*Please be advised - there is some strong language at the end of this episode.*
“Since our brains are wired for community almost above everything else, social media can be a replacement for in-person community. And social media, if communities are built and authentic value is being brought to the table and all of that, then you can’t argue with that: it’s good. But what they’ve found is that even if someone is really positive on Facebook, it’s also psychologically harmful.”
This episode’s the second half of my interview with behavioral strategist and Woo Punch founder Austin Franke, as we talk about advertising and marketing in the age of social media.
Brands and People
Our interview picks up with a discussion of availability bias, and how mental availability, the ease of recalling a particular brand in the right circumstance, can win out over persuasion. We discuss two competing approaches to marketing in the digital age and where Austin thinks the brand love approach goes wrong compared to data research: “where the misunderstanding comes from, I believe, is assuming that customers will ever view a brand like they do a person.”
Large Business Effects
We continue with a look at what the future might bring for Clubhouse and for other social media companies that are now trying to emulate its approach, and Austin explains how recent studies on “large business effects” have reaffirmed the value of traditional advertising even in the digital age. “My philosophy on social media is that it can help you if you’re a small business,” he explains, “but it’s really only effective as a complement to traditional media.”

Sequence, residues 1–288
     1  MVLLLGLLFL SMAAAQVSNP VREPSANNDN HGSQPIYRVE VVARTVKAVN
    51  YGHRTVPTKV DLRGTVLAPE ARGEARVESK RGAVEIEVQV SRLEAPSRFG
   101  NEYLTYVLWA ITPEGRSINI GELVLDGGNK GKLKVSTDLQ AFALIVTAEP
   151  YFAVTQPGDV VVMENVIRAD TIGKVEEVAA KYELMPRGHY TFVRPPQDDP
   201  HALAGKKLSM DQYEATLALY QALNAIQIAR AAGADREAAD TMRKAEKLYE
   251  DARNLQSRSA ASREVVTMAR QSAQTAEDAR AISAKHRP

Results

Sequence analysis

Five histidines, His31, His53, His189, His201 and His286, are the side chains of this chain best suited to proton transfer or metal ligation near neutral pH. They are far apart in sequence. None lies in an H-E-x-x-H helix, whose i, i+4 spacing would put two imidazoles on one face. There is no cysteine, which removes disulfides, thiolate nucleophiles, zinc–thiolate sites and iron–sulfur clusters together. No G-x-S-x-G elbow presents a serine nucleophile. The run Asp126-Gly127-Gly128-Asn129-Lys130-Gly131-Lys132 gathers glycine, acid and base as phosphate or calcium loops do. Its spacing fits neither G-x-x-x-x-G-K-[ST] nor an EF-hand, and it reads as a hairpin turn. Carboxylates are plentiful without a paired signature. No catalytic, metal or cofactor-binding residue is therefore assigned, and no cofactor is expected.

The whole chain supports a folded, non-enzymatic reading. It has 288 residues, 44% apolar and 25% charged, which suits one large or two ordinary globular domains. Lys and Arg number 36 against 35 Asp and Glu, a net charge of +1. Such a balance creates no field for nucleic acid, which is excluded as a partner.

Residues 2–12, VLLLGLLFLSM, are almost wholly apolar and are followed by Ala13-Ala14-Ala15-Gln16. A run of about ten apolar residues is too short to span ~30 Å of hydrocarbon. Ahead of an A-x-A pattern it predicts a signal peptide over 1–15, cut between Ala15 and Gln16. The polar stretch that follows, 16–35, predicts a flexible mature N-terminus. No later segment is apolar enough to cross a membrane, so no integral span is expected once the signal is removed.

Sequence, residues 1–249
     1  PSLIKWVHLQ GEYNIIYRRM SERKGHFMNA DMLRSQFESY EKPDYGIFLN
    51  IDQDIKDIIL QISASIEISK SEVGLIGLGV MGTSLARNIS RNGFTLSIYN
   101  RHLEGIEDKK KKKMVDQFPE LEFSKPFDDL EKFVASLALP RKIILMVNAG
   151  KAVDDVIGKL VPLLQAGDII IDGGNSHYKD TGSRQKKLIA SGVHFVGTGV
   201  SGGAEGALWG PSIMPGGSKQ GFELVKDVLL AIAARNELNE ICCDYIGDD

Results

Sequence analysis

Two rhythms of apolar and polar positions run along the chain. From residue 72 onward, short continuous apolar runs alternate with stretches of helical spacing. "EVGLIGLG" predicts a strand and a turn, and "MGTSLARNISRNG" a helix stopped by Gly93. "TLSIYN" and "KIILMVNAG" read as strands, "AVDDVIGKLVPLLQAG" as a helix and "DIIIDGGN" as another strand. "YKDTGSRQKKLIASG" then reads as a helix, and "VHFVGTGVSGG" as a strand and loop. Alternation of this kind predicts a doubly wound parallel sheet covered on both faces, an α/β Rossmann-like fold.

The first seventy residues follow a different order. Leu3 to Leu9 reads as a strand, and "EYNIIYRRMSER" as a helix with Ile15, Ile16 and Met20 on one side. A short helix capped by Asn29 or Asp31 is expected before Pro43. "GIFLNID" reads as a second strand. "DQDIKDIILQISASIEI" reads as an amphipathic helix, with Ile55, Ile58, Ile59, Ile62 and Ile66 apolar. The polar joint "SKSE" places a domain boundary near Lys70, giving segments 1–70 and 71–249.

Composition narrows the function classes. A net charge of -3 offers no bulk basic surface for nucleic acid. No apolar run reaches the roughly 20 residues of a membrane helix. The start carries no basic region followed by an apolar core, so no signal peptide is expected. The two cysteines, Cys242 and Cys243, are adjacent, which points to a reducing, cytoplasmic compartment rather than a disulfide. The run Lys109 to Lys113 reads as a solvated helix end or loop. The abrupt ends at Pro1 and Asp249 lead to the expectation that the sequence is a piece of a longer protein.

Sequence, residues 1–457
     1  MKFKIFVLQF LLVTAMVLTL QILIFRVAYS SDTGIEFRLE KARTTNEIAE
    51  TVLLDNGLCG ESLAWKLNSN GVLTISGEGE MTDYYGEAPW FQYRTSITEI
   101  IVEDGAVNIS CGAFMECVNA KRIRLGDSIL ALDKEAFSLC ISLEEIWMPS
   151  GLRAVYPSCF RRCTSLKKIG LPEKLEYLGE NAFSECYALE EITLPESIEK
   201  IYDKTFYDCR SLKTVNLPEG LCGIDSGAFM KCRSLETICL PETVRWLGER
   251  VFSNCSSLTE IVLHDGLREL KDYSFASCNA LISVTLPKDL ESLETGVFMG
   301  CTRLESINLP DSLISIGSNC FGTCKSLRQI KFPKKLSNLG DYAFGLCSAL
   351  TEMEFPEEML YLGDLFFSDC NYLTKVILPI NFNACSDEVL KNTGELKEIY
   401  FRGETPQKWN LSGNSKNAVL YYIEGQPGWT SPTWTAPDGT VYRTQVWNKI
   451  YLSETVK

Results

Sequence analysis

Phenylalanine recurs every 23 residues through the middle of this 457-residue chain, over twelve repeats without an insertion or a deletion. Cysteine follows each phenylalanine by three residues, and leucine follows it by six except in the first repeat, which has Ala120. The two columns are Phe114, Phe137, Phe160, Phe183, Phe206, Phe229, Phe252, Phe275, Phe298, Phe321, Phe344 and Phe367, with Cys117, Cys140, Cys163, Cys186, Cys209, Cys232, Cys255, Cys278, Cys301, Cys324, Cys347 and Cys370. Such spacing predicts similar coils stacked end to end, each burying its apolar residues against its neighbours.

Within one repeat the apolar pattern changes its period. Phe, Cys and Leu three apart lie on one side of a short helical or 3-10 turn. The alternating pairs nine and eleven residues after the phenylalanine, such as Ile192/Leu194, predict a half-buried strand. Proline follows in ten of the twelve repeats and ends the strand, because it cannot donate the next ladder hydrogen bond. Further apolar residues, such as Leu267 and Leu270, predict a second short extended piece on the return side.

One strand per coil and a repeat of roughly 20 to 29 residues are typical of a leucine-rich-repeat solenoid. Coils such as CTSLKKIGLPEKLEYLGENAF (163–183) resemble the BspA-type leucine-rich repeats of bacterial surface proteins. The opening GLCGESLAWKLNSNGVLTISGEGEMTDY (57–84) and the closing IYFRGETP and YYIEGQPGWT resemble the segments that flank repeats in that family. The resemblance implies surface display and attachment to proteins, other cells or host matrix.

Rare and Valuable Work
Austin talks about his social media philosophy, and the psychological harm that he believes trying to use it as a substitute for real-life communities has caused. We discuss toxic positivity and negativity, the addictive quality of social media, and Cal Newport’s books Deep Work and Digital Minimalism. “Rare and valuable work leads to success,” Austin says as he explains why he doesn’t rely on social media, “more than a bunch of superficial, hard, long hours of work.”
Debunking Popular Wisdom
We wrap things up with a look at Austin’s company Woo Punch and how it helps businesses better align their goals as well as build distinctive brand assets, and close with a review of some of the most and least effective ads of the Super Bowl. “I really love exposing the lies of the business industry,” Austin explains what motivates him as a writer and as a behavioral strategist, “with empirical data that debunks some of the most common popular wisdom.”
Availability bias and brand love vs studying the data.
Social media and the value of mainstream advertising.
The dangers of social media and toxic positivity.
Woo Punch and the Super Bowl’s ad winners and losers.